• Baer, Robin M.; Kirschner, Stefan; Nieger, Martin; Bräse, Stefan (2018)
    Herein the addition of different thiols to the strained carbon-carbon bond of [1.1.1]propellane (1) is reported. The reaction pathway was investigated, addition reactions with substituted thiols, hydrogen sulfide and protected cysteine were performed, and further modifications of the products were verified. The clean reaction proceeds by a radical chain process, which was confirmed by different deuterium labelling experiments. It shows high functional-group tolerance, since halo-, hydroxy-, methoxy-, carboxy-, amino- and nitro-substituted thiols could be added to 1 with few by-products in 16-90% yield. Oxidation of the products allows tuning of the polarity and subsequent reactions of the products. The click-type reaction proceeds even faster with selenols, as was shown in a proof of concept. Thiol addition to 1 offers a facile tool for surface modification, conjugation and tuning of hydrophilicity in bio- and medicinal chemistry.
  • Kerr, Shona M.; Klaric, Lucija; Halachev, Mihail; Hayward, Caroline; Boutin, Thibaud S.; Meynert, Alison M.; Semple, Colin A.; Tuiskula, Annukka M.; Swan, Heikki; Santoyo-Lopez, Javier; Vitart, Veronique; Haley, Chris; Dean, John; Miedzybrodzka, Zosia; Aitman, Timothy J.; Wilson, James F. (2019)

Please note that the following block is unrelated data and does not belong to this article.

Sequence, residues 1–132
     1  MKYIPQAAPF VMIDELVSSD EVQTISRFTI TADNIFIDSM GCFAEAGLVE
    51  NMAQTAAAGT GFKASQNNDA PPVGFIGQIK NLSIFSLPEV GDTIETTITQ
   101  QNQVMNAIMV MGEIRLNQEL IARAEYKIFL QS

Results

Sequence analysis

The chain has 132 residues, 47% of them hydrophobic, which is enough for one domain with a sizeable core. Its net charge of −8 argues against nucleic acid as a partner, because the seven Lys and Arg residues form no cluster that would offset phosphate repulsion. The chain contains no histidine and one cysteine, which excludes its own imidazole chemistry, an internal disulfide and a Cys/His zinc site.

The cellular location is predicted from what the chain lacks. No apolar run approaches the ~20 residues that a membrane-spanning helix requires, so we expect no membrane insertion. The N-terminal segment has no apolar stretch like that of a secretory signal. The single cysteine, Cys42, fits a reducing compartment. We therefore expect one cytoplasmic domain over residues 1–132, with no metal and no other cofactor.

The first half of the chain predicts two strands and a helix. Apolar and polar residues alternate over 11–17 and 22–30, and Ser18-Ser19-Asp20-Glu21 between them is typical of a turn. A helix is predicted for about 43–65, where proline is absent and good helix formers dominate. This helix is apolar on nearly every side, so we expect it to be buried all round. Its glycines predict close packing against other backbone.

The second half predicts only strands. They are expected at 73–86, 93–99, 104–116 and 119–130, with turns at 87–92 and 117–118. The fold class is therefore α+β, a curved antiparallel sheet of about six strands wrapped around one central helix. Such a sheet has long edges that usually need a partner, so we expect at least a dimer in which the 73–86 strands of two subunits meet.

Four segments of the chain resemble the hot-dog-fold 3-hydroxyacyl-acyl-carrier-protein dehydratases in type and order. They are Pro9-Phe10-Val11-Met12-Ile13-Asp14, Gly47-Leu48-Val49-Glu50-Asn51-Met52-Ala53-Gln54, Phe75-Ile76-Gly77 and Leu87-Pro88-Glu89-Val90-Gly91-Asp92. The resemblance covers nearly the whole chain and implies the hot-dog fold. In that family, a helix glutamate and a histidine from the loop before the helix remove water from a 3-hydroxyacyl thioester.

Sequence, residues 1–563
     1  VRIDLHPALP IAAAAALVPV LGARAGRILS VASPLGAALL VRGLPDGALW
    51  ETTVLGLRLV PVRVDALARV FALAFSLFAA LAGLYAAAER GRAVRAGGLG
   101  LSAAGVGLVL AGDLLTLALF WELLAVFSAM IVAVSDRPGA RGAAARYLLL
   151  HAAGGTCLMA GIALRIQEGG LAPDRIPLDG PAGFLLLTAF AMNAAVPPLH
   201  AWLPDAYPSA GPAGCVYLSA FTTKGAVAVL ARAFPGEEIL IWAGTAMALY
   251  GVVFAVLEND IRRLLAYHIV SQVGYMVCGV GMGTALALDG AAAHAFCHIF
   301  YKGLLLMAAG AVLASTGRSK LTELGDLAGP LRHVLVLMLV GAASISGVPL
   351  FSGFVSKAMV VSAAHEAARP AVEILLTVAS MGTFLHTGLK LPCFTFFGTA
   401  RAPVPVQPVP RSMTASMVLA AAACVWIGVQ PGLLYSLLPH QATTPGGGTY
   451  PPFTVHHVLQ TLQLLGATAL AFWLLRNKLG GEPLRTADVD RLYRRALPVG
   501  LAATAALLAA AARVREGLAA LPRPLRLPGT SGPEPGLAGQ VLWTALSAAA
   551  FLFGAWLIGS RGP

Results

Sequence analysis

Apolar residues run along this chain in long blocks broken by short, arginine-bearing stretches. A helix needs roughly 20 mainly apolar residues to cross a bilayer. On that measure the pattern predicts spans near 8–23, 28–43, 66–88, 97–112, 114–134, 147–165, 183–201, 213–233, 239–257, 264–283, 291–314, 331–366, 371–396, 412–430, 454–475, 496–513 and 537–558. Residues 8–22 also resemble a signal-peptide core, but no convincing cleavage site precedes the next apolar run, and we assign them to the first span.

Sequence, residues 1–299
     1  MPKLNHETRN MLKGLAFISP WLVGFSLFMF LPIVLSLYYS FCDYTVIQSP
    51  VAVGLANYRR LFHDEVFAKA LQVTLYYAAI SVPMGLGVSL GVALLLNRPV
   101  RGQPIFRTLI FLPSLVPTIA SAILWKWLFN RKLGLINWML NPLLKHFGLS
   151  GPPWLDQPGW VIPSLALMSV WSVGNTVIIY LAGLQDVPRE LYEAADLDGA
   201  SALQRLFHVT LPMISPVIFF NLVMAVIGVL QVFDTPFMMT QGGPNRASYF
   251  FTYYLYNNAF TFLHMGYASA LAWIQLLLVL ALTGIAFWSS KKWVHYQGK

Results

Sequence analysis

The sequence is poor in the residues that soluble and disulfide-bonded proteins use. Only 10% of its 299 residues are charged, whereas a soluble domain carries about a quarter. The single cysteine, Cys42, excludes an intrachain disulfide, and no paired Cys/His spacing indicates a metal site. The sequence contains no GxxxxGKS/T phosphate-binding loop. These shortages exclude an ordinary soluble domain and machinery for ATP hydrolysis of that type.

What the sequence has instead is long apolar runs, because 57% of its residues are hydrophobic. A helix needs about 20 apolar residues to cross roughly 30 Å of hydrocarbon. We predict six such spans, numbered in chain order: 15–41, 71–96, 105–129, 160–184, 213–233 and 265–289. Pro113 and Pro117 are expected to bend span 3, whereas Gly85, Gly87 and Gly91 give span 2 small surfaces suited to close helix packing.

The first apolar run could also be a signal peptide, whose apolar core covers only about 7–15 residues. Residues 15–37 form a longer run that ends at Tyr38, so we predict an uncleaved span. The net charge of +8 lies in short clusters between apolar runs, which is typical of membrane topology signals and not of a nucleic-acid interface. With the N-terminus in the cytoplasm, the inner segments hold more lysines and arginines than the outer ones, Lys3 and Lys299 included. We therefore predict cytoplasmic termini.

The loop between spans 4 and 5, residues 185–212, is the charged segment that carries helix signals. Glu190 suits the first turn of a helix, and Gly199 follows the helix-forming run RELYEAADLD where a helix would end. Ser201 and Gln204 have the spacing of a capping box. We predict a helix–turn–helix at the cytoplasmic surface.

The Viking Health Study Shetland is a population-based research cohort of 2,122 volunteer participants with ancestry from the Shetland Isles in northern Scotland. The high kinship and detailed phenotype data support a range of approaches for associating rare genetic variants, enriched in this isolate population, with quantitative traits and diseases. As an exemplar, the c.1750G > A; p.Gly584Ser variant within the coding sequence of the KCNH2 gene implicated in Long QT Syndrome (LQTS), which occurred once in 500 whole genome sequences from this population, was investigated. Targeted sequencing of the KCNH2 gene in family members of the initial participant confirmed the presence of the sequence variant and identified two further members of the same family pedigree who shared the variant. Investigation of these three related participants for whom single nucleotide polymorphism (SNP) array genotypes were available allowed a unique shared haplotype of 1.22 Mb to be defined around this locus. Searching across the full cohort for this haplotype uncovered two additional apparently unrelated individuals with no known genealogical connection to the original kindred. All five participants with the defined haplotype were shown to share the rare variant by targeted Sanger sequencing. If this result were verified in a healthcare setting, it would be considered clinically actionable, and has been actioned in relatives ascertained independently through clinical presentation. The General Practitioners of four study participants with the rare variant were alerted to the research findings by letters outlining the phenotype (prolonged electrocardiographic QTc interval). A lack of detectable haplotype sharing between c.1750G > A; p.Gly584Ser chromosomes from previously reported individuals from Finland and those in this study from Shetland suggests that this mutation has arisen more than once in human history. This study showcases the potential value of isolate population-based research resources for genomic medicine. It also illustrates some challenges around communication of actionable findings in research participants in this context.